Welcome back to Hammer Drops, where we’re reaching back into the hazy mists of memory to make a point about auctions! The numbers are estimated and prone to the power of legendary tales, but the story is true and the lesson one to grow on.
This story predates my time with the store, and was related to me by our fearless leader Scott Lovejoy when discussing what he calls “The Magic of Auctions”: the store had purchased four complete sets of vintage Donruss Odd Rod sticker cards with the expectation that each set would sell for $150-200. The first set was listed on eBay as a live auction, bidding went on for a week (as is our custom), and it closed for $800.
This obviously caught Scott & Pete (who, before ascending to General Manager around here, primarily managed the eBay store) off guard – what did they miss? What could possibly have been in that set that warranted an above-and-beyond price?
The Teachable Moment: The Magic of Auctions
The answer to that question was “not one ding-danged thing.” The other sets, which were identical to the first (we checked and double checked), sold for the expected prices. It just happened that two people who really wanted a complete set of Odd Rods found our listing and duked it out until one them folded. Maybe it was a childhood wish, maybe it was a birthday gift, maybe Odd Rod cards contain a never-before-discovered treasure map and these guys knew it, who knows? It was just the right lot on at the right time for these guys.
After Scott described that, I realized I’d contributed to that magic myself in the past: December 2017 or so, we had a complete run of All-Star Squadron #1-67 up for bid at one of our auctions. I, being the JSA stan that I am, ducked out of a Christmas party to attend the auction personally (I was not yet a part of the regular auction team then). Runs like that sell for between $90 & $120, but on this night I bid something like $175 before being forced to throw in the towel. It’s not that I, or the guy who bid $200, knew anything that anyone else didn’t, we just wanted it that badly. I’m still mad that one got away, but I managed to pick up a complete set of DC Archive Edition Justice Society hardcover reprints for $120 some six months later and that salved the wound pretty well.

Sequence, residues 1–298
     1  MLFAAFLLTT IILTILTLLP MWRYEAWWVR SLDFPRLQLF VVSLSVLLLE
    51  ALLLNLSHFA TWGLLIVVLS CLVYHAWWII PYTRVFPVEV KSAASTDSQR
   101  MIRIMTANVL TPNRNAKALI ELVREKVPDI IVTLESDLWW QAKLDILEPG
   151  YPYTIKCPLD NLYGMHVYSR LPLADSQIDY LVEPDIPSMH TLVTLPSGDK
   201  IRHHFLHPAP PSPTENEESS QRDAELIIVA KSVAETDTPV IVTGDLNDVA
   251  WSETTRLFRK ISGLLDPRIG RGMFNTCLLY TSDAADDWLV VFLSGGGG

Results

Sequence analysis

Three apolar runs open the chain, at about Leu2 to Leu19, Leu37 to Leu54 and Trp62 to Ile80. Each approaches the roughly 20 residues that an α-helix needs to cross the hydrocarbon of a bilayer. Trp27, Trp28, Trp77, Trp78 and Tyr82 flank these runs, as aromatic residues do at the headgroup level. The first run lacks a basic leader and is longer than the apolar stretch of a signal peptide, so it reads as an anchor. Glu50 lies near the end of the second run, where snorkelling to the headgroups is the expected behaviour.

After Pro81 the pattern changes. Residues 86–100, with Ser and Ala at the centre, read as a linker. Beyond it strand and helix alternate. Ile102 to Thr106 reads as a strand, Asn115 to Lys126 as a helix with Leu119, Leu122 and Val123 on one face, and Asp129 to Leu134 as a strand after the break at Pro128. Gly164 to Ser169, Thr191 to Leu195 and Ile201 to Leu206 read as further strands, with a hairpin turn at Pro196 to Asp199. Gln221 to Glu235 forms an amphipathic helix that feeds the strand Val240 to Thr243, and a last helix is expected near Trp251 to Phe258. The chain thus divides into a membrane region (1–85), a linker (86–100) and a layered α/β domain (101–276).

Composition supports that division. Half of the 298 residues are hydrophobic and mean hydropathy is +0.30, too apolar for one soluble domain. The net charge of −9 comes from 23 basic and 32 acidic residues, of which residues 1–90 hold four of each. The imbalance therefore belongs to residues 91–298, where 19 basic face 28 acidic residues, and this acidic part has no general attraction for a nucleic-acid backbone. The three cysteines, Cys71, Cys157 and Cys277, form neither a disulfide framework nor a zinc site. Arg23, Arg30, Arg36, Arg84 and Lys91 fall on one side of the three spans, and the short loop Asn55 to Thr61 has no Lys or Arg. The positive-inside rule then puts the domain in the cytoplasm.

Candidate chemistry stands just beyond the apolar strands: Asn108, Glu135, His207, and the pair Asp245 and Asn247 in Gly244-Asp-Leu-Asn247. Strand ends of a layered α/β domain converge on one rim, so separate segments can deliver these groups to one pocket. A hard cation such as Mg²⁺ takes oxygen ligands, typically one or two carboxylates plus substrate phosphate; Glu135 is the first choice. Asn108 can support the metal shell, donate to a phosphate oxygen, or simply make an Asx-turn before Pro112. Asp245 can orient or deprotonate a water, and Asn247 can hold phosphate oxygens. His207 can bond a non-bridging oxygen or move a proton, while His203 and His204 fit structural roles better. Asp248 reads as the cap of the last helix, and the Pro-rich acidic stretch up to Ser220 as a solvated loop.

To sum it all up, the record high price for an item has to come from somewhere and it usually comes from the magic of an auction: Two or more collectors dead set that they’re getting that item, right there, right now, price be danged. And if you want to spin some of that magic on your collection, you should contact us here at Back to the Past to talk about consigning your treasures.
Come back in two weeks for even more tips, tricks, and tales from Hammer Drops!